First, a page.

What You Need To Know About DUI Penalties

If you or someone close to you has ever been arrested for drunk driving, then you probably know that DUI penalties depend on many factors. While criminal procedures and DUI penalties may vary from state to state, there are some penalties which are common to almost every state.

What Constitutes a DUI Charge?

It is important to note that the legal drinking age is 21 in most states. Any driver, under the age of 21, who is found to be driving while intoxicated, is deemed to have committed an offense. The level of blood alcohol does not matter in such cases because most states have a zero tolerance policy against underage drinking. Any adult driver who is pulled over by a police officer and records blood alcohol level of more than 0.08 is considered to have been driving while intoxicated.

DUI Penalties

The following are common penalties that can be dispensed by a court when the accused is found guilty.

  • Probation
  • Fines and fees
  • Suspension of driving license
  • Going to DUI school
  • Mandatory jail-time.

First Offense

Drivers who have been found to be driving while intoxicated for the first time can expect to get off easy especially if they are represented by good lawyers. The penalties for a first time DUI charge may include:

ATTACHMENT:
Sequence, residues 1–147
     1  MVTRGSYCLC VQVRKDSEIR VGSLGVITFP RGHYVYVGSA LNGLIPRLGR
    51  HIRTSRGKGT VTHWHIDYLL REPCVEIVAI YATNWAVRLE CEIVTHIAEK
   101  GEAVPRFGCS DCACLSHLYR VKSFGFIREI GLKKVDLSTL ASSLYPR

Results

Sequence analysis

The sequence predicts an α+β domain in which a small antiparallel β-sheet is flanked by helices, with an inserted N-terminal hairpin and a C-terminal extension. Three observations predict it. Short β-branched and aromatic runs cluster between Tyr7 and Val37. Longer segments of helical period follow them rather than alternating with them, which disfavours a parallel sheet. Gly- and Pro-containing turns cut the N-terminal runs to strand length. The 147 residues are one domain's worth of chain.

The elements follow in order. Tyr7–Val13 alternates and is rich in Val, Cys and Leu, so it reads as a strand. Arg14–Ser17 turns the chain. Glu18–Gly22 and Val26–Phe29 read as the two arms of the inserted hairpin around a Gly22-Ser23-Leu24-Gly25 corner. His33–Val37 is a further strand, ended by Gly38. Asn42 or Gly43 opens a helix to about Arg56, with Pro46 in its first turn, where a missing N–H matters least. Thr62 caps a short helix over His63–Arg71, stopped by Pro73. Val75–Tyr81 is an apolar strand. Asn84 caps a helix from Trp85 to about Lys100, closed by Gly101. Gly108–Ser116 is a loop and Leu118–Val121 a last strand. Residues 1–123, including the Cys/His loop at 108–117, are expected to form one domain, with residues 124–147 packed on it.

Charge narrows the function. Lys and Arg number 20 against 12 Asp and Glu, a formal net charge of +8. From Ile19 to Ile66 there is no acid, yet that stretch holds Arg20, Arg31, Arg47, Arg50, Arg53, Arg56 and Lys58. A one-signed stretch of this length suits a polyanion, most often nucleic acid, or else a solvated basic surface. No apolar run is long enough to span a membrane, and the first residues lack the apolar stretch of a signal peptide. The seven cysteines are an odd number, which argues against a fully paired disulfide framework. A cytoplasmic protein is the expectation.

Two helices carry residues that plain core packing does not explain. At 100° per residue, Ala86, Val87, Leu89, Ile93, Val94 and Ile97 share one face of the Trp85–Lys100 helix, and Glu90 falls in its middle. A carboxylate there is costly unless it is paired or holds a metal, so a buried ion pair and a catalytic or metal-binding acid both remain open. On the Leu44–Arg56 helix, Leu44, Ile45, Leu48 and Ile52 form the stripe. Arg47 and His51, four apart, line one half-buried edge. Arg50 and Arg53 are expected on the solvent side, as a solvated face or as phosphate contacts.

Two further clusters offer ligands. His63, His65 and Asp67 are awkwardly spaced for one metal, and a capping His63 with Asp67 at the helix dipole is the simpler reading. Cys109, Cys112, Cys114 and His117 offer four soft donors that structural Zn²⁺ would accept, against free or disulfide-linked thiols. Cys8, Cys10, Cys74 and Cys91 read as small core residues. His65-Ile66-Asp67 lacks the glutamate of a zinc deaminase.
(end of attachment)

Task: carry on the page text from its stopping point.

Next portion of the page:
• Probation. During this time the person will be required to stay away from alcohol especially before driving. No probation officers are assigned in such cases.
  • The accused may be required by the court to pay court fees and fines if found guilty. Part of the fine can be paid off through community service
  • License can be suspended for up to six months.
  • A person can also be ordered by the court to attend a DUI school.
  • Immediately after arrest, drunk drivers must be kept in jail for at least 48 hours.

Second Offense

Penalties and punishments for second offenders include:

  • Probation. No probation officer is assigned.
  • Court fees and fines amounting to thousand of dollars. Part of the fine can also be worked off through community service.
  • Suspension of driving license for up to two years.
  • Attending up to 18 months of DUI School.
  • Up to 96 hours of jail-time immediately after arrest.

Third Offense

A third DUI offense shows a trend, and the penalties are stricter. The punishments and penalties are similar to those of a second offense. The only difference is that the suspension of driving license is for three years and the convicted person must be jailed for up to 120 days.

Fourth Offense

In some states and counties, third and fourth DUI offenses are considered felony DUI. Penalties for these charges include:

  • Permanent loss of driving license.
  • Up to 3 years in state prison.
  • The charges vary from state to state, so it may be worthwhile to check with your state.

Sandra Roland is a law student, activist and freelance writer. She is interested in all areas of law and has recently been writing for a West Palm Beach DUI Lawyer. She hopes to one day become a lawyer or mediator.

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